Boy, those two dive belts were heavy! I think if The Man wants them back he'll need to come get them from upstairs. They'll be right next to the plunger, I mean, felting fiber tool.

Saturday, October 11, 2014

The Most Beautiful Thing

Star Trek Yarn. It was those three words that hooked me and reeled me in. A fellow Ravelry member was paring down her considerable yarn stash by letting a few go. The "Star Trek yarn" turned out to be a limited edition colorway from hand-dyer Lorna's Laces called "Live Long and Prosper". The colorway was bright bold colors - gold, red, blue, and brown - the uniform colors of Starfleet. 

As you know, I do enjoy Star Trek and I do love yarn but I was hesitant to purchase more yarn as my yarn baskets runneth over.

At the same time I was admiring the yarn, I read about how certain hand-dyed yarns could be woven with a pooled warp - a technique by which blocks of colors are lined up and create controlled symmetry.

The clincher for buying the Star Trek colorway was that I could make an accompanying scarf to David's hat. I'm not sure if he's a scarf guy (or a hat guy for that matter) but I know he's a Star Trek guy. He and his wife Lori have their own American Cancer Society Relay for Life team called, the "Star Trekkers". I had to make a prayer scarf for them.

The warp turned out to be magic. Lorna's Laces hand-painted yarn was a true palindrome skein: brown-blue-red-gold/gold-red-blue-brown/brown-blue-red-gold, the colors repeated itself forwards and backwards. (I'm geeky about palindromes too. You know, like: "Madam, I'm Adam" or Nurses Run.)

Halfway through warping the 10" Cricket loom the color blocks started shifting and getting wonky. The lightweight Ikea table was moving and being pulled in by the warp tension. The heaviest thing in my craftroom was my sewing machine and it worked well for holding the table in place.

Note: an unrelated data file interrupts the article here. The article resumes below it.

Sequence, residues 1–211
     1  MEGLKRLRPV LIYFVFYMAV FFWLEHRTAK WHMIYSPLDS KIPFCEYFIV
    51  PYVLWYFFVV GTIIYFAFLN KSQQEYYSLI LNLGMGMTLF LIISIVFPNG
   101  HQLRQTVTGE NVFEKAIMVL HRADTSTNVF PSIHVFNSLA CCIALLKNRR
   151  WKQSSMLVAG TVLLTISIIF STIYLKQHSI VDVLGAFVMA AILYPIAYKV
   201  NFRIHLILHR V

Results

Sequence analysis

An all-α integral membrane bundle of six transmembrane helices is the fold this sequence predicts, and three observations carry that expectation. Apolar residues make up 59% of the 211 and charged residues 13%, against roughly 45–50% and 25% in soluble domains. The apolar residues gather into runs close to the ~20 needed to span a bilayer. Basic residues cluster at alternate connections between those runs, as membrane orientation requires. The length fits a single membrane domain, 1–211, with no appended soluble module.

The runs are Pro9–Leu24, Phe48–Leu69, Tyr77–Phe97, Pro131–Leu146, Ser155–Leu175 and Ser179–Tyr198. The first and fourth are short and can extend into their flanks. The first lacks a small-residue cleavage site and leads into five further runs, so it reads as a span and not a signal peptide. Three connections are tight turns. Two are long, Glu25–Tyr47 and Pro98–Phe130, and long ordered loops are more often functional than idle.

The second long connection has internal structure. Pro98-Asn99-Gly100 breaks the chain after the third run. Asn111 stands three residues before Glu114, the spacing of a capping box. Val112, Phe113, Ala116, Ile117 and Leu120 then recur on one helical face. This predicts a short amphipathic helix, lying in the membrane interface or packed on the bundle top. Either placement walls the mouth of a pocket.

I chose mmmMalabrigo sock in the colorway Chocolate Amargo for the weft color because, well, chocolate. It turned out to be thicker than the Lorna's Laces and the weaving was becoming more weft-faced, i.e. the warp was being hidden by the vertical brown yarn. It was starting to look like a secret Star Trek manly scarf.

The scarf took a little over a week from start to finish and yesterday I cut the scarf off the loom and twisted the fringe with my nifty Conair hair-braider.

I gotta say this woven scarf is the most beautiful thing I've ever made. It's soft, drapey, and the pooled colors are amazing. The Chocolate Amargo ("bitter chocolate") is shades of brown with streaks of silver - like the tails of shooting stars.

Just when I thought the weaving experience couldn't get any better - the prequel Star Trek movie played on TV last Sunday - twice - while I was weaving. Then a few days later I watched Into Darkness via Netflix streaming. The scarf was truly infused and woven with Star Trek virtues: Goodness, Courage, Friendship, and Hope. It's a beautiful thing.

David and Lori, my dear old friends, Live Long and Prosper.

Sunday, October 5, 2014

But Wait, There's More

"F" is for . . . 

furry (wet) friends. We're having a last-ditch heat wave (at least we hope it's our last). The unusual weather pattern has kept away the marine layer and the coastal areas have been in the 90's, instead of the usual 60's. Although we're ready for cooler temperatures - and rain - we took advantage of the perfect beach weather and loaded up the dogs and headed to dog-friendly Cayucos beach.

We brought along our new Chuckit! dog toy. I bought it online and didn't realize it would be almost 2½ feet long and very heavy-duty. There's a learning curve to using it which I haven't figured out yet. I'm calling it Chopit! since I hold it over my head with both hands like I'm swinging an axe downward, that's the only way the ball releases for me.

No matter, The Man and the dogs have it all figured out.

feather(less). It's a good thing it's warmed back up because we've got a naked hen. The Girls have been slowly molting for weeks, loosing a few feathers here and there. But last week Sophia lost most of her feathers seemingly overnight.

I had to do a head count to make sure everyone was accounted for when I found two big piles of feathers in the goat house. In addition to feather loss, egg production has drastically changed and the only layer still in service is Mrs Jane Bond - the feathered black and white hen.